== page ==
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New squadron will deploy, train UAV pilots

Aug. 30, 2012 - 10:10AM   |   Last Updated: Aug. 30, 2012 - 10:10AM  |  
The MQ-8B Fire Scout, already being flown from frigates, will be flown by officers based on littoral combat ships who will also fly MH-60 helicopters.
The MQ-8B Fire Scout, already being flown from frigates, will be flown by officers based on littoral combat ships who will also fly MH-60 helicopters. (Navy)
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After three years of testing on frigates, the Navy is creating its first squadron to deploy and train unmanned helicopter pilots to operate the MQ-8B Fire Scout and MQ-8C Fire-X.

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After three years of testing on frigates, the Navy is creating its first squadron to deploy and train unmanned helicopter pilots to operate the MQ-8B Fire Scout and MQ-8C Fire-X.

And fleet training plans reveal a major role for enlisted drone operators, who'll operate the larger, faster Fire-X from warships in support of ground-based operations. Still, some hybrid positions — mixing manned and unmanned flight duties — will be for officers only.

Unmanned Helicopter Reconnaissance Squadron 1 will stand up Oct. 1 at Naval Air Station North Island, Calif. It will be a single squadron with three jobs:

• Serve as the fleet replacement squadron to train aviators on how to operate both Fire Scout variants and their mission payloads.

• Provide littoral combat ships with aviation detachments, or AVDETs.

• Provide the rest of the fleet's surface combatants with unmanned aerial system detachments, or UDETs.

The basics of the squadron were included in OPNAPNOTE 5400, which, along with comments from the Navy, give the most specific details about Fire Scout operations and deployments to date, including the different roles that officer and enlisted operators will play and what type of missions they'll fly when sitting at the controls.

AVDET operators will be officers from the MH-60 community. They'll deploy on littoral combat ships with both a Fire Scout and MH-60 variant onboard, and they'll fly both aircraft while underway. Only officers fly manned aircraft, so enlisted personnel would not be able to fulfill that role.

However, aviation weapon system operators — it's unclear how senior they'll be — will operate sensors on both aircraft, while maintainers will keep them operational. AVDETs will fly the MQ-8B variant, which is already in service.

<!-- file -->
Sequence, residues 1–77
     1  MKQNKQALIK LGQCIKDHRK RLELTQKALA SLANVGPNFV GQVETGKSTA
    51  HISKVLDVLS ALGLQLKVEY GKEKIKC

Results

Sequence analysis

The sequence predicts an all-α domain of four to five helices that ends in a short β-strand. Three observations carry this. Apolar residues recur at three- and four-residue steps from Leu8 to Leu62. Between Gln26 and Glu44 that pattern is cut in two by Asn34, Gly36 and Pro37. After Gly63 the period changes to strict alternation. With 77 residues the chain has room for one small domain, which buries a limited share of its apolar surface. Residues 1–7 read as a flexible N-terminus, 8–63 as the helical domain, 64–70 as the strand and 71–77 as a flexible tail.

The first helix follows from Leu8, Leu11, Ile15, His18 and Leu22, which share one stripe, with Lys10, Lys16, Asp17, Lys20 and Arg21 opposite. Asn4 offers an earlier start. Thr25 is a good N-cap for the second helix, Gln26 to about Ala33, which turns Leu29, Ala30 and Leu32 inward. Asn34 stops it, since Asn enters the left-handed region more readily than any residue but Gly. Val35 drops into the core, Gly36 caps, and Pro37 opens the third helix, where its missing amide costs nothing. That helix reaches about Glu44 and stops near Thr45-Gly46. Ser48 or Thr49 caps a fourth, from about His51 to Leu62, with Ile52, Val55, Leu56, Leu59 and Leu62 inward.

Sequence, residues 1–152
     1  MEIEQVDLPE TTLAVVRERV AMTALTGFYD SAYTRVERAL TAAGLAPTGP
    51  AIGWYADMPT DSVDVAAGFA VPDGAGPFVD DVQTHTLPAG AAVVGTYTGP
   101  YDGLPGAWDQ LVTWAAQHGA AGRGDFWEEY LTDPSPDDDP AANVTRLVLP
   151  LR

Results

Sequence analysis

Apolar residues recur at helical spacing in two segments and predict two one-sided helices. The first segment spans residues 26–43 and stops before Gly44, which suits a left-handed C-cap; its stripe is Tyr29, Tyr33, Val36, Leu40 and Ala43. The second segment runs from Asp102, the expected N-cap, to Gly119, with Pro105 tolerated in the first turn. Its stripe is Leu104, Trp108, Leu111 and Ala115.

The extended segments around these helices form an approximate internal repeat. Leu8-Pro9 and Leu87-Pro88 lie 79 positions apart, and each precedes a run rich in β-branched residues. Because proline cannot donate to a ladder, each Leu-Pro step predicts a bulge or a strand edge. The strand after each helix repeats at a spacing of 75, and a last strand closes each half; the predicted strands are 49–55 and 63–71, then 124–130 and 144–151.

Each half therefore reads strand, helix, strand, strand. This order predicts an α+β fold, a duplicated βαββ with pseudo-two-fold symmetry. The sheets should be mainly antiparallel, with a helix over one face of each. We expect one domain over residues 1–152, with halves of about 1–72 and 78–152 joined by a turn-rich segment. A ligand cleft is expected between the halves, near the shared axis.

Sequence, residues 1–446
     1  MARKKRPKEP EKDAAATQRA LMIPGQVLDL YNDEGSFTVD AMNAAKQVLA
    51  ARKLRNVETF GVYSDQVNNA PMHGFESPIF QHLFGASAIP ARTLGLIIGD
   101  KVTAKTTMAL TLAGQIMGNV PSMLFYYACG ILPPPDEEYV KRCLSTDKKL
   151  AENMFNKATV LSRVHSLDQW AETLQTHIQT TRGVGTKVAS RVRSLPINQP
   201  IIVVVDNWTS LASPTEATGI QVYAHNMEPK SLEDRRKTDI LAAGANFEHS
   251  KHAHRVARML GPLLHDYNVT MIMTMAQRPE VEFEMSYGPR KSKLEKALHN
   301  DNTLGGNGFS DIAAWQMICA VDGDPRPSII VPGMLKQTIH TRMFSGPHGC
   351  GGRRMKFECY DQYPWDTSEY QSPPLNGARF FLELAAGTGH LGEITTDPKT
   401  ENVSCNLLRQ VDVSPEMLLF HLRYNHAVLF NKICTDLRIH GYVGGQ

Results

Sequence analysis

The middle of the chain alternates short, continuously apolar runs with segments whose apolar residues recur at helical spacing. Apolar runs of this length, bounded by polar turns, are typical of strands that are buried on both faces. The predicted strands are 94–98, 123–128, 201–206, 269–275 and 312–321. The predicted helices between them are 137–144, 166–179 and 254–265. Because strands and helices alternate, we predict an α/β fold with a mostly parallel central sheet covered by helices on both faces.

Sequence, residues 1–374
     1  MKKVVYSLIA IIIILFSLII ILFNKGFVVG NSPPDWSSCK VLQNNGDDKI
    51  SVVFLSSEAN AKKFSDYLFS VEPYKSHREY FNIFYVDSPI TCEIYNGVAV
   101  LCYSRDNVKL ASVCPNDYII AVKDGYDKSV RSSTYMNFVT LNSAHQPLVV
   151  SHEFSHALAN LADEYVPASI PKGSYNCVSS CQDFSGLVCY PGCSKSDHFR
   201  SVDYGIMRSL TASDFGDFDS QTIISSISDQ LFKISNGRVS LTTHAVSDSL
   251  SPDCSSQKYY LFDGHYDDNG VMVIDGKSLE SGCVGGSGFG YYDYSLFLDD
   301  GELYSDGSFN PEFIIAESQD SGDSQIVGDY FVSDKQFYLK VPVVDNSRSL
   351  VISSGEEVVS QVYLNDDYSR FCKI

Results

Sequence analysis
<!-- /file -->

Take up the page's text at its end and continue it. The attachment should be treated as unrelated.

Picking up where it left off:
Officers will head to HUQ-1 for Fire Scout training — either as an air vehicle operator or a mission payload operator — right from their manned fleet replacement squadron training. From HUQ-1, they'll head to either a helicopter maritime strike squadron or a helicopter sea combat squadron to support the LCS.

Enlisted sailors will operate the MQ-8C, a bigger version of the MQ-8B that's on a fast-track development program, from surface combatants, said Lt. Aaron Kakiel, a spokesman for Naval Air Forces. Enlisted will operate from UDETs, he said, with missions in support of conventional or special operations forces on the ground.

The Fire-X is expected to deploy in 2014.

The MQ-8B detachments, which require qualifications on both the Fire Scout and MH-60 variants, will be manned entirely by the HSM and HSC community, while the MQ-8C detachment will be manned by qualified sailors throughout the fleet, Kekeil said.

Training curriculums last no more than seven weeks, rely heavily on computer simulations and will be held at North Island. Fire Scout deployments, however, have all been with Mayport, Fla.-based frigates, and there's a Fire Scout training facility at nearby Naval Air Station Jacksonville. Kakiel said that the change of coasts is because the first LCS vessels will be homeported in San Diego and because AVDETs will come from MH-60 squadrons based at North Island. The Navy will use the Jacksonville facility to help maintain proficiencies, and other sites also are being considered for training facilities.

Personnel assigned to the squadron as instructors, staff or other billets will serve a typical squadron tour, Kakiel said.

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